Husky Bite Force: A Complete Guide

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This article has been fact-checked by Dr. Dilber Hussain, DVM, to ensure we're providing the most up-to-date guidance. READ MORE

With their bright blue eyes, thick fur, speed, and size, Huskies can be seen as very intimidating dogs. In fact, some people buy this breed for that reason specifically.

It’s no surprise then that behind those fierce eyes, Huskies are both powerful and incredibly endurable.

Both their bite and pull can pack a punch. However, even though they’re among the strongest breeds, Huskies aren’t great dogs for protection or guarding. They are fiercely independent and friendly, making them suitable for companion or family dogs instead.

Read on to discover how fierce the Husky bite force is, how strong they are, and how they are one of the friendliest breeds out there despite both of these things.

How Powerful is the Husky Bite Force?

With their size alone, Huskies can look quite intimidating. However, does their bite actually pack a punch? It turns out it does. A Husky’s bite is one of the strongest out there, coming in at 13th out of all breeds.

Although hard to measure, professionals measure bite force through PSI, or pound-force per square inch. Basically, PSI is the amount of pressure a dog’s bite applies to an object. A husky’s PSI measures in at 320 PSI. For comparison, a Pitbull’s bit force comes in at 235 PSI, and it only takes 130 PSI to break a person’s arm bone.

Although huskies aren’t inherently aggressive, they can cause severe damage to something if they want.

How Strong is a Husky?

Not only do Huskies have a strong bite force, but scientists constantly rank them as one of the strongest dog breeds. Originally bred for pulling heaving hunting sleds across the arctic, Huskies are both strong and endurable.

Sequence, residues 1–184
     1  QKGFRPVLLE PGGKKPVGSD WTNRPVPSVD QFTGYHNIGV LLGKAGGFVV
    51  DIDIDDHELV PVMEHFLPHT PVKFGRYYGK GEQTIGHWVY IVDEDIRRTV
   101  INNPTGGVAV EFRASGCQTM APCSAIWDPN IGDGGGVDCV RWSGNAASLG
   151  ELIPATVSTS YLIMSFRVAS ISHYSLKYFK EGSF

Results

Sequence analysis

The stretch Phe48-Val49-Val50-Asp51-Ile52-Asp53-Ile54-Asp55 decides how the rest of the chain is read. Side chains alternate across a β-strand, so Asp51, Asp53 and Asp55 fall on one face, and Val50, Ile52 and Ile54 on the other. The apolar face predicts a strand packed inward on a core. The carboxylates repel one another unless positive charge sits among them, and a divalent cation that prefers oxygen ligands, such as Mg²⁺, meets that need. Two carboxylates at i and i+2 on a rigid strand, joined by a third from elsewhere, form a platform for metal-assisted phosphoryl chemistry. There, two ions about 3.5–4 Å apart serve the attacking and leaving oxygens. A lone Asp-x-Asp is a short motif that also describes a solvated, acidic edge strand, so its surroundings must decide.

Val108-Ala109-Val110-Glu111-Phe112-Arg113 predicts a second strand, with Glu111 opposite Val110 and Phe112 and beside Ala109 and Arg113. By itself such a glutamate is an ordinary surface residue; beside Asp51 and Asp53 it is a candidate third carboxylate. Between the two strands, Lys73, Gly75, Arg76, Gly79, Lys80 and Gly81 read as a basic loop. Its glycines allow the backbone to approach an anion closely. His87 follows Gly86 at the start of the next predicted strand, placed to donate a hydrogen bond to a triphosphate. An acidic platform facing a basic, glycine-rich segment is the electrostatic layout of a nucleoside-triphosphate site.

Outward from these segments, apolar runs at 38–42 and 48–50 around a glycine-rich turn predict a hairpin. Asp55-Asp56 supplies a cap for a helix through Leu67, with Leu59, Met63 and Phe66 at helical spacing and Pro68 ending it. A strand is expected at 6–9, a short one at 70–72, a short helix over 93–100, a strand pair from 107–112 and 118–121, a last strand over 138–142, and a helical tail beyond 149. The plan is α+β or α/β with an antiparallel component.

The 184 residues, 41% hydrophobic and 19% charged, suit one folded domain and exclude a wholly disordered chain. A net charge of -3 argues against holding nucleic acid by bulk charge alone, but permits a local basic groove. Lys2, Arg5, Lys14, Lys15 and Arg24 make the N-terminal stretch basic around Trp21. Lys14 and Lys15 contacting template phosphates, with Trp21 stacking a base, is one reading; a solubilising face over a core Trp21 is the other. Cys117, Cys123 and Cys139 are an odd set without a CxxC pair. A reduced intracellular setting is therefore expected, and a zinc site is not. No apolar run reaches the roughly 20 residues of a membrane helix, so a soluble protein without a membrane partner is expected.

In fact, one Husky can pull 85 lbs or the weight of half an average-sized human. That’s commonly over 2x their weight! In addition, they can run at a pace of 10-14 mph over long distances and 20 mph over short distances. It’s even been said that sled dogs can travel over 90 miles in 24 hours while pulling 85 lb each.

Between their brute strength and bite force, it’s easy to see why some people get huskies to be their companions on long, exerting journeys.

Can Huskies be Aggressive?

Since they are such a strong breed, one might be worried about a Husky’s aggression. However, Huskies are one of the least aggressive breeds out there! Even though they are strong, they rarely feel the need to show it.

Breed aggression primarily comes from what original breeders bred the dog to do. For example, dogs bred to guard properties or animals are more likely to become protective of their toys, family, and home. Since Huskies were bred to pull sleighs in the arctic, they aren’t naturally prone to aggression or guarding.

That being said, any dog can become aggressive and should be adequately trained. Although Huskies are unlikely to attack anyone, any dog can be triggered by past cruel behavior or potential dominance. Especially given their size, strength, and bite force, an aggressive Husky can be dangerous for kids, strangers, or others.

If your Husky starts to become aggressive, it’s crucial to determine the root cause of the aggression and get training as soon as possible.